Hello, friends! Today is my stop on the TBR & Beyond Tours for A Magic Steeped in Poison by Judy I. Lin, one of my most anticipated releases this year! I’m excited to share my (slightly rambling) review and a journal spread with you and I hope you enjoy this post! 🍵
Special thanks to Judy I. Lin and Feiwel and Friends for providing an ARC in exchange for an honest review
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Goodreads: A Magic Steeped in Poison (The Book of Tea #1)
Publisher: Feiwel and Friends
Publication Date: 29 March 2022
Genre: Young Adult Fantasy
Judy I. Lin’s sweeping debut A Magic Steeped in Poison, first in a duology, is sure to enchant fans of Adrienne Young and Leigh Bardugo.
I used to look at my hands with pride. Now all I can think is, “These are the hands that buried my mother.”
For Ning, the only thing worse than losing her mother is knowing that it’s her own fault. She was the one who unknowingly brewed the poison tea that killed her—the poison tea that now threatens to also take her sister, Shu.
When Ning hears of a competition to find the kingdom’s greatest shennong-shi—masters of the ancient and magical art of tea-making—she travels to the imperial city to compete. The winner will receive a favor from the princess, which may be Ning’s only chance to save her sister’s life.
But between the backstabbing competitors, bloody court politics, and a mysterious (and handsome) boy with a shocking secret, Ning might actually be the one in more danger.
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TL;DR: A Magic Steeped in Poison was one of my most anticipated releases this year and I’m so glad to say that it did not disappoint! This was a stunning debut and an absolute feast for the senses in many ways (seriously though, prepare to get hungry and thirsty)! From the gorgeous fairytale-esque writing full of lush and immersive descriptions to the unique magical system involving tea, its compelling cast of characters, and themes of identity, family, friendship, loyalty and honour—I’m calling it one of my favourite reads so far this year and I’m eagerly (or more like impatiently, lol) awaiting the sequel.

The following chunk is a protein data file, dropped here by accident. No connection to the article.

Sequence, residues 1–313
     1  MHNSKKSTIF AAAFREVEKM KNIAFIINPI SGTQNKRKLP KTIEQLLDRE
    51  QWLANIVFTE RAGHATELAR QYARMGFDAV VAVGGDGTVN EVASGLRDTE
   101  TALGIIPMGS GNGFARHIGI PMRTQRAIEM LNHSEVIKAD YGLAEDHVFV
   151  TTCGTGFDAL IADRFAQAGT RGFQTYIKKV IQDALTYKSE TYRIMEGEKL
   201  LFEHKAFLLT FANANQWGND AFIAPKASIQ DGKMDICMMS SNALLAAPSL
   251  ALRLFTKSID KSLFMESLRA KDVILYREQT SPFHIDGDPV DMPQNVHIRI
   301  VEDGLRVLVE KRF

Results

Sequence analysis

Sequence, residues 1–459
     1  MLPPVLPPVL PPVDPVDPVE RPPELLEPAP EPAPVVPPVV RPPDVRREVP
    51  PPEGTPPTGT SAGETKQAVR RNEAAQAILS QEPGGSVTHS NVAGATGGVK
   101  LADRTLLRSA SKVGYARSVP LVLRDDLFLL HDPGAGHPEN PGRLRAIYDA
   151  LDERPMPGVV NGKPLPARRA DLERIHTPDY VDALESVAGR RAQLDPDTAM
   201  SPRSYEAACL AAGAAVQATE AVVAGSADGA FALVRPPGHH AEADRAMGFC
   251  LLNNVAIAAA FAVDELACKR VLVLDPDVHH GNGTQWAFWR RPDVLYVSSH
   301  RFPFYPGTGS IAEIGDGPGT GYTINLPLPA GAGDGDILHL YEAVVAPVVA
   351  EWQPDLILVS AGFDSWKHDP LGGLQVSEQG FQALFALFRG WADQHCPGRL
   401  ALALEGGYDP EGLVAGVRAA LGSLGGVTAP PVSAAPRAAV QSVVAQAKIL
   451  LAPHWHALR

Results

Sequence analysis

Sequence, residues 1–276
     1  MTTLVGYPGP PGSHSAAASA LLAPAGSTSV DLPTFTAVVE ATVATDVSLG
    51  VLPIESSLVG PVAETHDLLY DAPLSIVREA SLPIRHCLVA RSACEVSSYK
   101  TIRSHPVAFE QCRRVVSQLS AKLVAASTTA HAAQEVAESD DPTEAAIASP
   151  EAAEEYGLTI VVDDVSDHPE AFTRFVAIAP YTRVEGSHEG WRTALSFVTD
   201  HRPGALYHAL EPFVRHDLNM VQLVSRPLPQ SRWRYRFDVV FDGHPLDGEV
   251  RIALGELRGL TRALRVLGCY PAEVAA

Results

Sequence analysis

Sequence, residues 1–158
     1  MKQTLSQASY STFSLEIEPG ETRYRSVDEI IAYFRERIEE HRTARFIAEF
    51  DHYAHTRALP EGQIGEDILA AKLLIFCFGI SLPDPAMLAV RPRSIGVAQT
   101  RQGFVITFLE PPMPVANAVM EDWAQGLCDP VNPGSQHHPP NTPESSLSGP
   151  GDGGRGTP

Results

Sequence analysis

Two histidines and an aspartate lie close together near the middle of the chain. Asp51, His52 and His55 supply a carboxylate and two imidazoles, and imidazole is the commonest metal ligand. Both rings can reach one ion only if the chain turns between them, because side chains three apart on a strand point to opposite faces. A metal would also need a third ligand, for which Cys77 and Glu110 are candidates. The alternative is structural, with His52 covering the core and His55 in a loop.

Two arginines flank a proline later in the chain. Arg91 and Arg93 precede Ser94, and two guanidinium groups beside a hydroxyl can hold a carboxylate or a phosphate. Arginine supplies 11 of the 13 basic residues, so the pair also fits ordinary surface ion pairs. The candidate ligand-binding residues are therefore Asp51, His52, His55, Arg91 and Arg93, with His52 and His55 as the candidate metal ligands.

I’m going to preface this by saying that I hope I can write a
decent coherent review but y’know what happens when you enjoy a book so much that you lose words when it comes time to write a review? Yes. But before that, let’s please take a moment to bask in the beauty that is this cover. I’m screaming it: STUNNING! The colours and details in the artwork are simply *chefs kiss*! 😍
Not only is this cover gorgeous, but it’s also indicative of the story that’s waiting for you inside these pages. If you enjoy fairytale-esque writing, then you’ll definitely enjoy Lin’s style that perfectly complements the whimsical vibes portrayed by the cover—it’s not overly poetic but there’s a magical quality to it that swept me up and completely immersed me in the story. The world-building is enriched by the inclusion of many folktales and myths and I loved how so many aspects of the tea magic, politics, and Ning’s experiences were reflected through these stories. The magic system is based on tea and the magic it yields depends on how it’s prepared and the affinity of the one who prepares it. I found it very unique and fascinating and I can’t wait to see what more can be done with it in the next book. I don’t watch Chinese dramas but I’ve occasionally seen bits cos my sister loves them, so it was easy to picture this playing out in my head like one and it was exciting, dramatic, slightly angsty but so much fun! I felt the tension of the competition, the fear and determination of our main character, and the angsty longing in the smol romance sub-plot.
“Mother said there is power in words, in hopes we breathe into being. It dangles there before me, a dream once as far out of reach as the stars in the sky, my longing for a different life.”